Male Studies should be included in the curriculum of all universities in Australia.
Although male studies would counteract the many strange and misandric views of men and masculinity sold by extreme feminist academia, there’s more to the idea of a Males Studies curriculum than that.
Men tend to play certain roles in society and be viewed in certain ways and those roles and ways are worth analyzing and understanding by all of us. As worthy as Women’s Studies.
Extreme feminists and female supremacists react strongly against including Male Studies at universities. Their reactions lacked any understanding of the concept or of empathy with men.
Feminist reactions to Male Studies is usually “we don’t need Male Studies because the material is already covered in Women’s Studies,” now called Gender Studies. They also falsely claim that Australian universities are full of the study of men, so a Male Studies program would be redundant.
To some extent masculinity is a gendered construct. It should come as no surprise that culture plays a role in our identification as sexual beings. But masculinity and femininity are not exclusively cultural; biology plays its role as well. We’re still finding out exactly what roles nature and nurture play in our male and females selves.
But the idea that Women’s or Gender Studies are about understanding men as men is far from the truth. Those courses are full of misandry and can’t constructively function in providing impartial studies of men or boys. Young men have a way of coming out of Gender Studies curricula with an understanding of men as violent, controlling, sexually obsessed and destined to destroy the world.
That take on men began with the misandric wing of the female supremacists branch of feminism and has never recovered. Male Studies would seek to understand men biologically as well as culturally and above all with a less condemnatory stance than the current offerings controlled by feminists. It is about absurd as having masculists controlling Women’s Studies or as they are now called Gender Studies.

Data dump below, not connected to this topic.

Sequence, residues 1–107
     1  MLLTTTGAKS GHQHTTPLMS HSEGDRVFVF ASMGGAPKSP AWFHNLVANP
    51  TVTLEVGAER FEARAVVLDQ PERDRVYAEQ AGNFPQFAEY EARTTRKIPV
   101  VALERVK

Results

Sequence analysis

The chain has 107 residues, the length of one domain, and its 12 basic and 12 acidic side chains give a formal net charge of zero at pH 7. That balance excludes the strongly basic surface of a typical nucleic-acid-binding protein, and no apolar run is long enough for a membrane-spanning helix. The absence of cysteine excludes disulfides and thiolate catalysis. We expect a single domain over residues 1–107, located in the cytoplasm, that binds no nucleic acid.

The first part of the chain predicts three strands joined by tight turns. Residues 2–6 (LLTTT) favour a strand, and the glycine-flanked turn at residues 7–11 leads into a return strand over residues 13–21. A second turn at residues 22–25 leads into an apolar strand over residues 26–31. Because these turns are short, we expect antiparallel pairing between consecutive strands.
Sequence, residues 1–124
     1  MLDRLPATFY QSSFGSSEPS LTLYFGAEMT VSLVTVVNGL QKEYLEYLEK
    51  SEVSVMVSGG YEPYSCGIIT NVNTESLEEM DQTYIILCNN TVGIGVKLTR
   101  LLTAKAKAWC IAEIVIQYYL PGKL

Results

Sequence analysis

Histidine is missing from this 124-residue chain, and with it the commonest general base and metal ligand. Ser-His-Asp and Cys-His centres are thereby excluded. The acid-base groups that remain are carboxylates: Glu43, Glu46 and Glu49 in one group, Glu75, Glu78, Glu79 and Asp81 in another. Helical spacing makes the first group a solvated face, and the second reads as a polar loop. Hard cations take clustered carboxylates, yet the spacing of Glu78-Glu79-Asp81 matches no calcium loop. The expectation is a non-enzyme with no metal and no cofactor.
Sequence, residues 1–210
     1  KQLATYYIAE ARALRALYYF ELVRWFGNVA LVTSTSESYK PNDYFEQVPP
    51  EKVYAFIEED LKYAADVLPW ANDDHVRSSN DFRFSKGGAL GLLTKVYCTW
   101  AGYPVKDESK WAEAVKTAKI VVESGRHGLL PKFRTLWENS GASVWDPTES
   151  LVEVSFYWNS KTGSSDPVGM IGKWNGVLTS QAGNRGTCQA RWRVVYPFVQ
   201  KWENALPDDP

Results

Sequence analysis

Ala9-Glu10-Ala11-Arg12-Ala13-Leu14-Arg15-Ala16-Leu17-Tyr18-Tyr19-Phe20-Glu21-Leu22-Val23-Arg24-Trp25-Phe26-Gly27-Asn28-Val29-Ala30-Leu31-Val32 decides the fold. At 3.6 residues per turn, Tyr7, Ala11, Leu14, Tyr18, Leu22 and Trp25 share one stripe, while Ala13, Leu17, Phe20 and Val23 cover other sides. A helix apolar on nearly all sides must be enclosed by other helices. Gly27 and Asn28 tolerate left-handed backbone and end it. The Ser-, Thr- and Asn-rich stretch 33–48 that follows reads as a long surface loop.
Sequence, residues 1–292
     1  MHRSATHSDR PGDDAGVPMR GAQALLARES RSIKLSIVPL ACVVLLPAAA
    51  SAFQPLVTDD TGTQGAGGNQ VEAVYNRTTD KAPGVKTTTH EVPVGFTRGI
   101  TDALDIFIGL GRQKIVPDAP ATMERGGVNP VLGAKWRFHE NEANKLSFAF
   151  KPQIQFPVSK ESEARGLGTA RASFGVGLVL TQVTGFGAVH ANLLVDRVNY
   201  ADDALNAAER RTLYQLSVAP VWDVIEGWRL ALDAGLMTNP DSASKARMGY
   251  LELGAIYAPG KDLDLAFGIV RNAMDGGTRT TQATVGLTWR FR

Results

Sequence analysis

Feminists also argue that we don’t need Males Studies because men are already studied enough. It’s easy to test that claim is establish if it is true. Just ask university students or recent graduates what they know about the realities of men in society.
Consider the following issues as a starting point for Male Studies issues:
According to Australian Government statistics, more women are going to university today than they did a decade ago, while the percentage of men attending college is decreasing relative to women. The number of females enrolling in universities after high school increased by 65 percent from 1967 to 2010, while the number of men has decreased by 27 percent.
The psychological and sociological consequences of this need to be fully assessed and Male Studies would be involved with the better understanding of these issues. and the potential harm to our society.